What is Debit Credit Analysis?
Accountants perform debit credit analysis at all times as part of their responsibilities. Business transactions occur on a daily basis, and it is the role of the accountant to record the transactions appropriately to determine their impact on the business. The transactions are recorded in either the debit or credit side of an account, where the debit is on the left side, and the credit is on the right side.
Debit and credits are accounting entries that are used to monitor money going out of or coming into the business. Debit and credit form the backbone of the double-entry system, where every transaction comprises two parts – for every debit transaction, there is a corresponding credit of equal amount.
- Credit and debit entries are the cornerstones of the double-entry system, which requires every business transaction to be recorded in at least two accounts.
- Credit and debit entries are used to monitor the money that is coming into and going out of the company.
- When the balance increases, the accounting rule is to debit the asset/expense account and credit the liability/income account.
How Debit and Credit are Used
When a new business transaction is created, you need to identify at least two accounts that are impacted by the transaction and whether they increase or decrease. A debit entry of one account should come with a corresponding credit entry. There is no limit on the number of accounts in one transaction, but the minimum number of accounts should be two.
For each transaction, the total dollar amount in the debit and credit columns must always be equal to be considered balanced. For example, when you debit account A with $100, there must be a corresponding entry of $100 in the credit column of B. If the accounts do not balance, then it would be impossible to create key financial statements such as bank statements and income statements.
The Classical Approach to Debit and Credit
The classical approach comprises three different rules for three types of accounts, i.e., real accounts, personal accounts, and nominal accounts. The groups of accounts help users determine whether to debit or credit an account.
Real accounts include all tangible and intangible assets such as building, machinery, furniture, land, goodwill, and patents. The debit/credit rule for real accounts is to debit items that come in and credit items that go out.
For example, if the business purchases office equipment, you should debit the appropriate account with the purchase price. When the business sells an asset, you should credit the business with an amount equal to the value or selling price of the asset.
Personal accounts relate to the owner(s), partners, customers, suppliers, shareholders, etc. The debit/credit rule for personal accounts is to debit the receiver of the payment and credit the giver.
When you pay for a service or good, you should debit the receiver of the payment and credit bank or cash, depending on whether you paid with cash or a cheque. When you receive a payment, debit the bank or cash account, and credit the person who is paying you.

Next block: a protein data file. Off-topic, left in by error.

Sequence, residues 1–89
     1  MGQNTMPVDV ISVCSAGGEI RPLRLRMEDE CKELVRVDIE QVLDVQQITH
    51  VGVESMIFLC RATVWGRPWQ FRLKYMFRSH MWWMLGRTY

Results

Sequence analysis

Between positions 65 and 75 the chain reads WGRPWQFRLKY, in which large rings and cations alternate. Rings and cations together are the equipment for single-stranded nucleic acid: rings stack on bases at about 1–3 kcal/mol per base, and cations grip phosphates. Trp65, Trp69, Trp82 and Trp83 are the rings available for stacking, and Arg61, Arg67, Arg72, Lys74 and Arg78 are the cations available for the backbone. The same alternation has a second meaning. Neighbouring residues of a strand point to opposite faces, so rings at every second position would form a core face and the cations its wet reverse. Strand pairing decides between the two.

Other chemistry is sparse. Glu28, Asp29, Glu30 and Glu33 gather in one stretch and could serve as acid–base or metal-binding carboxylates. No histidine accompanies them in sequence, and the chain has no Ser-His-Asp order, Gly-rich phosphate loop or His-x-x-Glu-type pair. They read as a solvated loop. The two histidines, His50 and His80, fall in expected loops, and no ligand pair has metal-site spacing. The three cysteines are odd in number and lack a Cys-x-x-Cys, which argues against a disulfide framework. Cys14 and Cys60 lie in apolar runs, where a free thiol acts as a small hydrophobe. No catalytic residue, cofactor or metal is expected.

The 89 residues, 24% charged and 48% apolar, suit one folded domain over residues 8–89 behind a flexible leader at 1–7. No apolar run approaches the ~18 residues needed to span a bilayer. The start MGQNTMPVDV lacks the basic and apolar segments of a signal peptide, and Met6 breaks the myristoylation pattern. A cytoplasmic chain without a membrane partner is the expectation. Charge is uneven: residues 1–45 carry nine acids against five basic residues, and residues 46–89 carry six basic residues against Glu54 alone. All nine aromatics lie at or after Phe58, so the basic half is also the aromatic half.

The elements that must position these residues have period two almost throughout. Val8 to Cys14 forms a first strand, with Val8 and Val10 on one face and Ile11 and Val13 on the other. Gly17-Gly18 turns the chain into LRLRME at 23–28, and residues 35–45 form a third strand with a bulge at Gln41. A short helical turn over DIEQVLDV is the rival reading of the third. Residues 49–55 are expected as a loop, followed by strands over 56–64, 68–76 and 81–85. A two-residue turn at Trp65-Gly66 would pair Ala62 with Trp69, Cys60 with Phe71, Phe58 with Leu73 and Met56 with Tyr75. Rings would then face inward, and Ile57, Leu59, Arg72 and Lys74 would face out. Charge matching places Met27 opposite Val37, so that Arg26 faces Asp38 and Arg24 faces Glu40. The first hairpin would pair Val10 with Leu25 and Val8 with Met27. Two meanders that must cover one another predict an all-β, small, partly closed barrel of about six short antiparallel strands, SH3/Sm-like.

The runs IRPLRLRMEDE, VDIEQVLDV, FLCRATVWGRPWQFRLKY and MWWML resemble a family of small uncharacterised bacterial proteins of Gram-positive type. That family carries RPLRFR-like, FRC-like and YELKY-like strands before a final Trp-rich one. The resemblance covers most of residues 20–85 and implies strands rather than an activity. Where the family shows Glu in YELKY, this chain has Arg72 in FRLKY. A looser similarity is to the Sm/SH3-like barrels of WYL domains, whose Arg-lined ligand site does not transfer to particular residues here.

Nominal accounts are related to incomes, expenses, profits, or losses. The accounting rule for nominal accounts is to debit expense and loss, and credit income and profit accounts.
If you incurred an expense, debit the expenditure account and credit the income account. The income account can be interest received, rent received, etc. while the expenses may include rent paid, travel, bank charges, stationery, electricity, postage, etc.
Debits and Credits in the Balance Sheet
When recording transactions on the balance sheet, you should take note of the items that you will debit or credit. A debit entry increases the balance in the asset side, while a credit entry reduces the balance. For example, if the company purchases equipment worth $10,000 using a check, it will increase the asset balance by $10,000. Similarly, if the company sells an item in its stock (asset) at $100, it will decrease the asset balance by $100 since it is a credit transaction.
On the liability side of the balance sheet, a debit entry decreases the balance while a credit entry increases the balance. For example, if the company takes a loan of $200,000 to purchase a factory, the transaction will be credited in the long-term debt section, which increases the liabilities account balance. The transaction will also be debited in the cash-on-hand, which increases the asset balance. The debit and credit transactions will balance the equation.
Debits and Credits in the Income Statement
Most of the time, transactions on the balance sheet correspond to items on the income statement. Therefore, understanding how each transaction impacts the balance sheet can help you determine whether to credit or debit the transaction in the income statement.
For example, a company gives a salary of $10,000 to its employees. The transaction is credited in the balance sheet to reduce the cash balance on the asset side of the balance sheet. The credit transaction on the balance sheet should include a corresponding debit entry of $10,000 to the salary expense on the income statement.
Similarly, when the company sells an item worth $500, the transaction is debited in the company’s cash account on the balance sheet, and a corresponding credit entry of $500 is made on the company’s revenues on the income statement.
Thank you for reading CFI’s guide to Debit Credit Analysis. CFI is the official provider of the global Certified Banking & Credit Analyst (CBCA)™ certification program, designed to help anyone become a world-class financial analyst. To keep advancing your career, the additional CFI resources below will be useful: